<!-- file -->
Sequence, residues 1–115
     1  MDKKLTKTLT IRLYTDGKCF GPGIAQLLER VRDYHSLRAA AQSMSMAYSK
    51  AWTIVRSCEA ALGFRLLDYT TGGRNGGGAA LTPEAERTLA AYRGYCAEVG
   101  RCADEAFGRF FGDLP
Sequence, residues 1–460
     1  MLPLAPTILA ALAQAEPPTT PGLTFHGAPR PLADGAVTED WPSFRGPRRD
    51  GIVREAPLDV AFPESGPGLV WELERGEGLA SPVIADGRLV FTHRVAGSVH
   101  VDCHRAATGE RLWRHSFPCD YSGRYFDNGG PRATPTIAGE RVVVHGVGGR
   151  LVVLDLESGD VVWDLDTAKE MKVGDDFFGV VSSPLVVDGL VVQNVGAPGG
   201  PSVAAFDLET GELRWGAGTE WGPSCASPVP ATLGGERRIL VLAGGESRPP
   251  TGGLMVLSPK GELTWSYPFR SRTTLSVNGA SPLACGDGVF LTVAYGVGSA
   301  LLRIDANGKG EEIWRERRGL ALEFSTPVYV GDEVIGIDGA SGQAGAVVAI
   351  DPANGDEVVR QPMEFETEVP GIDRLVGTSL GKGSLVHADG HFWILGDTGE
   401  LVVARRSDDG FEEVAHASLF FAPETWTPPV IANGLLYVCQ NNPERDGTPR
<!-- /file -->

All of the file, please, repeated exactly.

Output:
Sequence, residues 1–115
     1  MDKKLTKTLT IRLYTDGKCF GPGIAQLLER VRDYHSLRAA AQSMSMAYSK
    51  AWTIVRSCEA ALGFRLLDYT TGGRNGGGAA LTPEAERTLA AYRGYCAEVG
   101  RCADEAFGRF FGDLP
Sequence, residues 1–460
     1  MLPLAPTILA ALAQAEPPTT PGLTFHGAPR PLADGAVTED WPSFRGPRRD
    51  GIVREAPLDV AFPESGPGLV WELERGEGLA SPVIADGRLV FTHRVAGSVH
   101  VDCHRAATGE RLWRHSFPCD YSGRYFDNGG PRATPTIAGE RVVVHGVGGR
   151  LVVLDLESGD VVWDLDTAKE MKVGDDFFGV VSSPLVVDGL VVQNVGAPGG
   201  PSVAAFDLET GELRWGAGTE WGPSCASPVP ATLGGERRIL VLAGGESRPP
   251  TGGLMVLSPK GELTWSYPFR SRTTLSVNGA SPLACGDGVF LTVAYGVGSA
   301  LLRIDANGKG EEIWRERRGL ALEFSTPVYV GDEVIGIDGA SGQAGAVVAI
   351  DPANGDEVVR QPMEFETEVP GIDRLVGTSL GKGSLVHADG HFWILGDTGE
   401  LVVARRSDDG FEEVAHASLF FAPETWTPPV IANGLLYVCQ NNPERDGTPR